What the Lloyd A. Fry Foundation Cares about in Chicago Right Now

It’s been a little while since we’ve checked in with the Lloyd A. Fry Foundation to see where funding support has been going. Well, the Fry Foundation recent committed more than a million dollars to Chicago organizations in the fields of arts learning, health, and employment. Let’s take a closer look.

The total second quarter grant amount was $1,075,000, with funding exclusively focused on the above three topics.

Featured grantees include Muntu Dance Theatre of Chicago, which received $25,000 for multi-disciplinary African and African-American arts residency programs for youth. This group provides African dance and drumming classes for students in the fourth through 12th grades. It also provides a residency program with dance, music, and spoken word instruction for grades six to eight, to expose youth to African culture.

Another highlighted grantee is the Chicago Lighthouse for People who are Blind or Visually Impaired, which received $30,000 for their job training program. This group provides office and call center training for low-income adults with visual impairments. Primo Center for Women & Children also received a $35,000 Fry grant to support a demonstration program to integrate mental health services with primary medical care.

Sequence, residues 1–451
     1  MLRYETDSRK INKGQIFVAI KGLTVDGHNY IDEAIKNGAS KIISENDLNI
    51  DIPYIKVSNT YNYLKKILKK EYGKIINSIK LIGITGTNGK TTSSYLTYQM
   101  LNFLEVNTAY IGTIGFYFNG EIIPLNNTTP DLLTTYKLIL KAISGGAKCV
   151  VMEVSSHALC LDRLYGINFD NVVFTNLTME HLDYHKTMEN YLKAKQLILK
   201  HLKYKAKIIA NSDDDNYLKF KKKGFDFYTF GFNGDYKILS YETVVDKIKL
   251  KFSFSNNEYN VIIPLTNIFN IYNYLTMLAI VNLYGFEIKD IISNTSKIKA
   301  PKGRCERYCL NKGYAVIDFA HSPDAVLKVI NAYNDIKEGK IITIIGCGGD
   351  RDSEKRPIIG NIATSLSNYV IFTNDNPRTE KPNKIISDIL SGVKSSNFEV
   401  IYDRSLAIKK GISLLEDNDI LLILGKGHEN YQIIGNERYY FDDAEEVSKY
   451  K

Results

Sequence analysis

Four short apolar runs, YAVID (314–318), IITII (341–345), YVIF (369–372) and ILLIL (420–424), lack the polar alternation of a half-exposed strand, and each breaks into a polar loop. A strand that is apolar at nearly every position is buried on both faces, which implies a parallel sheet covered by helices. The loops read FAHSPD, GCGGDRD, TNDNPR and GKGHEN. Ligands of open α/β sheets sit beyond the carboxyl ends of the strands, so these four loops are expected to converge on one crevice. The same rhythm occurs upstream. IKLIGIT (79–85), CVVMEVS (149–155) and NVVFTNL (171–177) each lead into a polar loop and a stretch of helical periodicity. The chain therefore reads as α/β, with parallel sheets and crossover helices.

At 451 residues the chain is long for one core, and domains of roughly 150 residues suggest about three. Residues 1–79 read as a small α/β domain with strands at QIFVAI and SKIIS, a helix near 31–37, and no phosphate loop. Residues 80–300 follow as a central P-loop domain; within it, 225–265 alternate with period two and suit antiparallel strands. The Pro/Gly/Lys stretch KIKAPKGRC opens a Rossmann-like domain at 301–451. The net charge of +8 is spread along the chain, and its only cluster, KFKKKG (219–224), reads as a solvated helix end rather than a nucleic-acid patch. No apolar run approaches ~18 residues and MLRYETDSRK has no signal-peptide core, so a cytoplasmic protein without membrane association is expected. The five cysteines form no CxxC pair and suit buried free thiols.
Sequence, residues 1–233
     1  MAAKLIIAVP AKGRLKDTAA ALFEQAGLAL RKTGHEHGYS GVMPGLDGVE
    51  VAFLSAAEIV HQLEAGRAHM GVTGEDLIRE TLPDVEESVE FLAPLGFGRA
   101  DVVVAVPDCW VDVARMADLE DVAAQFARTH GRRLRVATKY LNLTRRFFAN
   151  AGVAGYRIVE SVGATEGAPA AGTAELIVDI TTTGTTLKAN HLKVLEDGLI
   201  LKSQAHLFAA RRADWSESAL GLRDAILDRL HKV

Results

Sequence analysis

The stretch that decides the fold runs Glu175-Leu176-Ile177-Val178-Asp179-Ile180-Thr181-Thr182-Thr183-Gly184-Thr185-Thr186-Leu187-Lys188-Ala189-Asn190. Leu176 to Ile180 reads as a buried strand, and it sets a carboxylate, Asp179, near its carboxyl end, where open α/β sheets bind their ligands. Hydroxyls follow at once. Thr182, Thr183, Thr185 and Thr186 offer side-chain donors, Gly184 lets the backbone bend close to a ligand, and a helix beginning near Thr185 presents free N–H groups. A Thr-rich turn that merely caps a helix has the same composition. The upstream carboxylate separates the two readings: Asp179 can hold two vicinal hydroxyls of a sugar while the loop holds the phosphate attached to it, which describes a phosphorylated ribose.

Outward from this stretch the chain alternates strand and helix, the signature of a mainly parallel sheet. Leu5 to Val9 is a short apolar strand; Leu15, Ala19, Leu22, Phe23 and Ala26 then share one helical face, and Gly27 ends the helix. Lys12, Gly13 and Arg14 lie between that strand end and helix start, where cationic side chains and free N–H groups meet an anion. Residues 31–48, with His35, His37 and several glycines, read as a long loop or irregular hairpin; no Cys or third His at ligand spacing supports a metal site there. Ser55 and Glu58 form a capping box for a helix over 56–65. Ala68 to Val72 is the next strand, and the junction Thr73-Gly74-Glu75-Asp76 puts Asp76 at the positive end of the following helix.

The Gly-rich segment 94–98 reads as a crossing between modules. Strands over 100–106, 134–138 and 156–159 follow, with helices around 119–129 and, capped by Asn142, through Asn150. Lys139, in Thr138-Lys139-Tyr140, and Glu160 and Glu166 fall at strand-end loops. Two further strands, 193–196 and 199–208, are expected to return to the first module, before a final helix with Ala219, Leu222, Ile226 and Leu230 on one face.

The Fry Foundation has a fourth funding area—education—but this category took a backseat to the other three in the recent quarter. As a general rule, the board considers requests in three of the four areas on a rotating basis, and this was education’s turn to sit out. The next deadline is December 1 for education, employment, and health grant proposals, which will be reviewed in February 2016.

As a reminder, Fry’s education program is focused on low-income students in Chicago Public Schools. It’s taken a hiatus from funding teacher professional development for a few years now, and gives priority to programs working at the middle and high school levels. Policy advocacy efforts are also considered, but not scholarship programs or unsolicited proposals from individual schools.

Fry’s employment program is focused on vocational training programs and adult education programs that use vocational training to assist low-skilled job seekers. Meanwhile, the health program supports medical home models of care, primary care (especially dental, vision, and mental health), and policy advocacy for low-income populations in Chicago. Special priority is given to children who suffer from the traumas related to abuse, neglect, or violence.

To learn more about this locally focused funder, check out IP’s full profile of the Lloyd A. Fry Foundation. Urban Chicago is always the geographic focus, and letters of inquiry can be emailed to applications@fryfoundation.org. But if you’re a new grantee, don’t expect to receive general operating support, capital project support, or funding for medical research.